I produced a great deal of line art from the early 1960's through the 1970's. This medium has always been of interest to me, probably because of my fascination with comic strip art. Some of my favorite artists were Lou Fine, Noel Sickles and Milton Caniff, all were masters of the medium. To see some really beautiful line art search out the work of Victor De La Fuente and Sergio Toppi, they are both superb. Ink and pencil line art always seemed like such a challenge, and it certainly can be as you will see in future posts.
This is a pencil line drawing with an ink wash added. If I remember, I did a whole series of these, I don't recall the client or ad agency.
This rodeo scene was done as a sample for my reps to present to potential buyers at ad agencies, magazines and publishing houses. As a competing artist (it's tough out there !) you always should produce new samples whenever possible, you can bet that your competition is doing just that.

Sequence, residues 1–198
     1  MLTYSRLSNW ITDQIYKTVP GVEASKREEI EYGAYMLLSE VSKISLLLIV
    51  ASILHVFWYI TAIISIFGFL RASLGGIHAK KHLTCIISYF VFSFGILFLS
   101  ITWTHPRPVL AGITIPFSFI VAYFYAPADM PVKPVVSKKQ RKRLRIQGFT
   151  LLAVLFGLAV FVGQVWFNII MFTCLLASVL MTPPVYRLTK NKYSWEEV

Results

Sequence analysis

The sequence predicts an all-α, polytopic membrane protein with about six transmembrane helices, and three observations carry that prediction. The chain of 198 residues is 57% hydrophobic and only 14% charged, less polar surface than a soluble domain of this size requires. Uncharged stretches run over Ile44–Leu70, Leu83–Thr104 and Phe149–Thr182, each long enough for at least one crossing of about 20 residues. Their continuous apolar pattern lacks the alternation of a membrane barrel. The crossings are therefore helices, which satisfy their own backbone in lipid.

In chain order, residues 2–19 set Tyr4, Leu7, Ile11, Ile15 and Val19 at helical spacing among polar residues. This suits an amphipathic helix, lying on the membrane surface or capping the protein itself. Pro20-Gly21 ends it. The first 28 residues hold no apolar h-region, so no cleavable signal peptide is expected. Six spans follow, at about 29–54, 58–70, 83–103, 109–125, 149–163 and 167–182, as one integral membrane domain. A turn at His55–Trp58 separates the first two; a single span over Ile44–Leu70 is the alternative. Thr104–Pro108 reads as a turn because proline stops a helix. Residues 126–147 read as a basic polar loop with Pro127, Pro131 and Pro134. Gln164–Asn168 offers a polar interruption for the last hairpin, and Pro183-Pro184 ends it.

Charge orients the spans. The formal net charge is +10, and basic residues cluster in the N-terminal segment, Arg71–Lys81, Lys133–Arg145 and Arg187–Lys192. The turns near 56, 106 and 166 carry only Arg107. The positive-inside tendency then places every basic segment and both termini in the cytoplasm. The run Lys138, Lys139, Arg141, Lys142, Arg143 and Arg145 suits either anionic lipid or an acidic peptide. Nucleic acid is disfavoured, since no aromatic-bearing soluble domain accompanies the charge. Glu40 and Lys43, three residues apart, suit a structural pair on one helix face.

Throughout my career I have always managed to do a few comic strips.
Every once in a while a really tough assignment pops up, like this ad, one of a series done for Ekco. My automotive illustration experience is a great aid when confronting an illustration like this one. While freelancing in Detroit I also had out of town reps which brought me in a great deal of work from ad agencies and publishers. My rep in Chicago, Bob Witmer, landed this ad campaign for me.
Above is an illustration which was part of a series for Revere. This particular illustration was rejected by the art director and I had to redo it, the final ad is shown below. I personally still prefer the original version.
My rep in New York, Bill Neeley, nailed this series for me. The illustrations were complicated but still fun to do. Below are two more of the illustrations in this series. These were all inked on Whatman illustration board using a crowquill pen and a brush.